Update on Sea Change - the Hauraki Gulf marine spatial plan

In last month’s DA Update, we reported that the Ministries of Conservation and Fisheries are in the process of setting up a Ministerial Advisory Committee, (MAC), the purpose of which is to “help shape the proposals, facilitate engagement with our Treaty Partners and stakeholders, and provide advice and report to the three Ministers – Environment, Conservation & Fisheries.” Continue reading

Invitation to hear Councillor Mike Lee speak on the Sea Change Plan

Democracy Action invites you to an address by Mike Lee – Waitemata and Gulf Ward Councillor on Auckland Council. Mike is very concerned about proposed threats to democracy as advocated in the Sea Change Hauraki Gulf Marine Spatial Plan. He outlined his concerns in an article first published in the Gulf News on 21 June, now available on Mike’s website HERE. Continue reading

October 2018 Bonus Edition

Several members who were unable to attend our special meeting on Sunday 7th October have requested a report on the ‘Sea Change versus democracy in the Hauraki Gulf’ presentation given by Auckland Councillor Mike Lee. Mike has been a local body representative in the Auckland region for over 26 years, having lived and worked in the Hauraki Gulf and Waitemata ward for most of his life. He was invited to address Democracy Action about the power play currently underway for the control of the Gulf. Continue reading

Hauraki Gulf Forum meeting - change of date and venue. Friday 8th February

Time: 2.00pm Venue: Room 1, Level 26, 135 Albert Street Auckland The Minister for Māori Development Nanaia Mahuta is to address the Forum. Public are welcome to attend. The agenda is available HERE. Continue reading

Report on Hauraki Gulf Forum meeting, 19 February 2018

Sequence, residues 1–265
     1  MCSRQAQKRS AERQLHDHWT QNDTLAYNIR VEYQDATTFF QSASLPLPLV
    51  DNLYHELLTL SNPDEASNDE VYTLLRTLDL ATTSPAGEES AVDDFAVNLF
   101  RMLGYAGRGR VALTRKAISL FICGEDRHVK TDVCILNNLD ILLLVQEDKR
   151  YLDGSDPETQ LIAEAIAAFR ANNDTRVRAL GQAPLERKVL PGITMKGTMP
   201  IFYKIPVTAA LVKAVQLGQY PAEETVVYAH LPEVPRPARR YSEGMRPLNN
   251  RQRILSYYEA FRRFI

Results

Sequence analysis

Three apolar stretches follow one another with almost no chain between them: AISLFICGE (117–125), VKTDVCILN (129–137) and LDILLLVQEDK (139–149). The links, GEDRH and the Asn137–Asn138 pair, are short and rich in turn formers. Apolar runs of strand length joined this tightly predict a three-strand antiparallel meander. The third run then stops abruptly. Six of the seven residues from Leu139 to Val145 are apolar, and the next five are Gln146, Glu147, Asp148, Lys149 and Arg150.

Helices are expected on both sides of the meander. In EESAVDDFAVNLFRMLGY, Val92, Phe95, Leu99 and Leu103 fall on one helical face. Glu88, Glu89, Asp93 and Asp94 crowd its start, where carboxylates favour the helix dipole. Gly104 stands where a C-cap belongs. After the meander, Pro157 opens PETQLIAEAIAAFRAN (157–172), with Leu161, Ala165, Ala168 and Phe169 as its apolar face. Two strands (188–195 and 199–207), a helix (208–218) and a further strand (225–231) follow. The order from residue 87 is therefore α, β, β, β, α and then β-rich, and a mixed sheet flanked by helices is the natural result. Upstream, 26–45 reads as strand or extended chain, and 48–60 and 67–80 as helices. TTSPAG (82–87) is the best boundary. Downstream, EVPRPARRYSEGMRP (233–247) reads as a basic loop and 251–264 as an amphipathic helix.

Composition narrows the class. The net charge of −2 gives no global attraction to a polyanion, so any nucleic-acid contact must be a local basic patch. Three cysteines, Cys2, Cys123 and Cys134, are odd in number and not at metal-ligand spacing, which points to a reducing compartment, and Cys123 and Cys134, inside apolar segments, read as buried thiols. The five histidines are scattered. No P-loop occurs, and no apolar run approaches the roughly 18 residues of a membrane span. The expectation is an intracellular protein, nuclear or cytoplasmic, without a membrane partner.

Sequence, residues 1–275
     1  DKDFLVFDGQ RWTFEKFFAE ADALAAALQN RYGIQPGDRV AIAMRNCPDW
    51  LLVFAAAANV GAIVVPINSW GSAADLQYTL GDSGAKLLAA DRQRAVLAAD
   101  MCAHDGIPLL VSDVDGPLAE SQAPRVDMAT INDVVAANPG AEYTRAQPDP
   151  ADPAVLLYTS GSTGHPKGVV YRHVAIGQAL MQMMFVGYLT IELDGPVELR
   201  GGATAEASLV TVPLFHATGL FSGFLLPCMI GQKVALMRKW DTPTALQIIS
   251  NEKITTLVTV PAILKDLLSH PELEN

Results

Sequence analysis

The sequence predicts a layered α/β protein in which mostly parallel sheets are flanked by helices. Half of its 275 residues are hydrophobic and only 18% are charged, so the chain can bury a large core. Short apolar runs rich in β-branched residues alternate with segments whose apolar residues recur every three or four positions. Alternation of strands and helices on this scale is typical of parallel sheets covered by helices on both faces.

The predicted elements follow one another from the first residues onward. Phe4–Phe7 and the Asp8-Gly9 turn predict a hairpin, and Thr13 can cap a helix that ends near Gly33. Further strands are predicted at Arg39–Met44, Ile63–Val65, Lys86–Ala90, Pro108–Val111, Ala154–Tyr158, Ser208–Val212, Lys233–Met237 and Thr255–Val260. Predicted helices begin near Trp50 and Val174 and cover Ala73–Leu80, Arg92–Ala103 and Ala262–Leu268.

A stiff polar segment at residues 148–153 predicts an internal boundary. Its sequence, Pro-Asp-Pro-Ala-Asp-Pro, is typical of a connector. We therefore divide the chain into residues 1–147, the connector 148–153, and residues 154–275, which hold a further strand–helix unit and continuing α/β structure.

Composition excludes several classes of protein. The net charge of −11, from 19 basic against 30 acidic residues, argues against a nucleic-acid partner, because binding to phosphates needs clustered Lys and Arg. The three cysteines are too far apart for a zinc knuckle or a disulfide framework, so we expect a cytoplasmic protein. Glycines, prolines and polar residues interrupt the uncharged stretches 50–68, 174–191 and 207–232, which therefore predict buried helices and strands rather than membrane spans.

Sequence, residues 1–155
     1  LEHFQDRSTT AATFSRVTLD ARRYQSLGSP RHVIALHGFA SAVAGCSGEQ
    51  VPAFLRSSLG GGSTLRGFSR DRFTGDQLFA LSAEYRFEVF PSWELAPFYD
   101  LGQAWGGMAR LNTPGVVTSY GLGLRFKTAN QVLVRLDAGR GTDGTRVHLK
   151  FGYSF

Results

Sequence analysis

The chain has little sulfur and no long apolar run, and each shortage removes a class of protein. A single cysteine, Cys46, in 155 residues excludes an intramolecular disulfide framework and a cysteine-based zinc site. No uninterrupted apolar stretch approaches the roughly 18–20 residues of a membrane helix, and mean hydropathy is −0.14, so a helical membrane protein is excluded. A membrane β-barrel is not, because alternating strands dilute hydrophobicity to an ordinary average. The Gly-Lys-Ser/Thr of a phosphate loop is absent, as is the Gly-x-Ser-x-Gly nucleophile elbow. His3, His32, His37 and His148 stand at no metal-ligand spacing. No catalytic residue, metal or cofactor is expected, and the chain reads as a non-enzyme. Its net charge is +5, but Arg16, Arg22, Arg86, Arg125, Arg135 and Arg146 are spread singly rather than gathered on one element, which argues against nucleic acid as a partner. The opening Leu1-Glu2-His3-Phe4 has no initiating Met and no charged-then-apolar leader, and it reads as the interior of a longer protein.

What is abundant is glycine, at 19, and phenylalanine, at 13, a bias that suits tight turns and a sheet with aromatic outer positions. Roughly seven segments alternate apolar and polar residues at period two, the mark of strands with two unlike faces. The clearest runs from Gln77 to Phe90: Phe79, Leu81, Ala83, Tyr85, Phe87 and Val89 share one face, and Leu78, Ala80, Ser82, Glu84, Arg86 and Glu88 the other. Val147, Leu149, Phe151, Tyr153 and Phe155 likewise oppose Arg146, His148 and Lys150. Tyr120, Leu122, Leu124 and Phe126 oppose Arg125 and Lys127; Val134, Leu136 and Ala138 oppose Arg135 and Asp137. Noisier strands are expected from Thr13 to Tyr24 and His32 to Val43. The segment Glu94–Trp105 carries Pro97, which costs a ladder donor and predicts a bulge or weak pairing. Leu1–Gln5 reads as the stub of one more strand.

Before the meeting Janet waded through the agenda and the two main reports (by the Chair and acting CEO), which revealed three key and recurring items: They are 1. To enable Mana Whenua to have a greater role in the Hauraki Gulf Forum 2. To continue work towards the “New Governance Model” Continue reading

The Office of the Attorney General has released its review of the Sea Change process.

As to the implementation aspect of the Plan, the review says that the agencies involved in the project each developed their own processes for considering how to implement the plan. For instance, Auckland Council and Waikato Regional Council have taken different approaches. Please click HERE to download this file. Continue reading

Update on the Sea Change Marine Spatial Plan

Further announcements from the Government are expected very soon about the makeup of the Sea Change Ministerial Advisory Committee. Continue reading

Update on Sea Change – the Hauraki Gulf marine spatial plan

The Ministries of Conservation and Fisheries are in the process of setting up a Ministerial Advisory Committee, (MAC), the purpose of which is to “help shape the proposals, facilitate engagement with our Treaty Partners and stakeholders, and provide advice and report to the three Ministers – Environment, Conservation & Fisheries.” Continue reading